Jewish World Review Sept. 4, 2002 / 27 Elul, 5762
http://www.NewsAndOpinion.com | The bear market that has drawn so much media hype may be seeping into the foundation of our economy in a way that could seriously hinder recovery. The enormous loss of wealth is bad enough, but tumbling stock prices are also perceived as a signal to batten down the hatches.
One consequence is a tightening of conditions for corporate credit. Banks are demanding higher-risk premiums despite the fall in yields on government paper. Rising finance costs have exacerbated the long-running contraction of investment. The decline had already been the worst since WWII, stretching to 21 months of consecutive drops. And the investment bust isn't over. Recently, the business spending index created by the authoritative consulting firm G7 Group showed fixed investment still contracting and unlikely to increase for a while.
It was the collapse of business spending that ended the boom, an unusual trigger for a recession. Typically, booms die when consumers, worried by rising interest rates, stop spending. High interest rates force consumers to scale back on big-ticket purchases like cars and homes, while businesses cut production and shed jobs. We came out of just such a recession a few years back by cutting interest rates and easing money.
Overstocked. This time, though, it wasn't the Federal Reserve that put on the squeeze. It happened after businesses woke up and realized that the investment boom of the '90s had raised capacity way beyond foreseeable demand. This was especially true in the tech sector. Inventories of computers, communications equipment, and semiconductors quadrupled between 1994 and 1998, and they doubled again between 1998 and 2000. With an excess capacity of both equipment and employees already in place, investment plunged and the economy started to freeze up.
As a result, corporate profits shrank about 20 percent from the last quarter of 2000 to the middle of 2001. As Stephen Roach of Morgan Stanley has pointed out, business capital spending for the first three quarters of 2001 declined by $88.2 billion in inflation-adjusted terms, more than accounting for the entire $57.2 billion decline in real gross domestic product during the same three-quarter interval.
The decline in information-technology spending alone exceeded the total decline in GDP. The investment bubble and bust was clearly the culprit. In fact, the sectors that usually push us into recession-consumer durables and residential construction-collectively boosted GDP growth, instead of depressing it. The 11 interest-rate cuts by the Fed last year put extra cash in consumers' hands by encouraging refinancing of home mortgages and enabling manufacturers of products like autos to slash rates.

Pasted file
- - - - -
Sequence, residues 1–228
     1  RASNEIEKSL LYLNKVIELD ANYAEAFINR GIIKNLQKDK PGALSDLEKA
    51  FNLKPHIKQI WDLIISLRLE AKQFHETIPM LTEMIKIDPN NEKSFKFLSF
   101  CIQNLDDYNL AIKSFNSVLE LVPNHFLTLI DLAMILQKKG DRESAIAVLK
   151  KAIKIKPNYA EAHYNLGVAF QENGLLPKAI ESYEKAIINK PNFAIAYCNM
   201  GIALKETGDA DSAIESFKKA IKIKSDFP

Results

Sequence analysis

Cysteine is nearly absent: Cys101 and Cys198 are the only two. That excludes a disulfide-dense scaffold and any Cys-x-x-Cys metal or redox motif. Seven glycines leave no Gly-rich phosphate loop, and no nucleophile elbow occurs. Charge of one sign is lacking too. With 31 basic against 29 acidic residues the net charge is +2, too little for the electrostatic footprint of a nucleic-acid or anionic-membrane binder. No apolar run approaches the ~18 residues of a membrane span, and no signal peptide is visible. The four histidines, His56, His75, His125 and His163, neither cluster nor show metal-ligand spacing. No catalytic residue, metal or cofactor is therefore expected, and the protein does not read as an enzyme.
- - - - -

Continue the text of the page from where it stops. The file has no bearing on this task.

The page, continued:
But now we're faced with another conundrum. Conventional recession recovery comes after pent-up demand for cars that weren't bought and houses that weren't built is finally released. Today, there is no pent-up demand in these sectors-they are the ones that have been booming-and they have borrowed from the future.
The post-bubble recovery of the economy is thus far more fragile than might have been hoped. The dangers are twofold-either the economy will dip into recession again, or the levels of economic growth will remain well below potential annual output. That would mean a risk of deflation and increased unemployment, which would knock the pins out from under consumer spending, eliminating our last pillar of strength.
Clearly, as the Fed governors said at their last meeting, "The risks are weighted mainly toward positions that may generate economic weakness." This makes it all the more disturbing that the Fed opted to confine itself to mere words. Despite sharply lower growth in the second quarter and the summer stock-market meltdown, there was no rate cut. If a federal funds rate of 1.75 percent was considered appropriate last year, when we had higher stock indexes and didn't have the shock of corporate scandals undermining business confidence, can it possibly still make sense now?
The Fed's failure to do more is especially puzzling when you consider that we now confront a fiscal deficit of some $200 billion, limiting the option of big tax cuts. The White House is weighing further cuts to stimulate business. But such measures are unlikely to have enough effect on business investment to justify the long-term fiscal costs. A better approach would be for the Fed to support loan guarantees on a fifty-fifty basis, say, with state governments to make sure that local public works and other job-creation programs aren't cut back more.
The danger here is of a double-dip recession. We saw the same thing in
five of the past six downturns; if it doesn't happen this time, we could
see, instead, an extended period of subpar growth that will still feel like
a recession. The gloom, in other words, hasn't quite yet lifted, and
there's still just a bit too much whistling past the graveyard.
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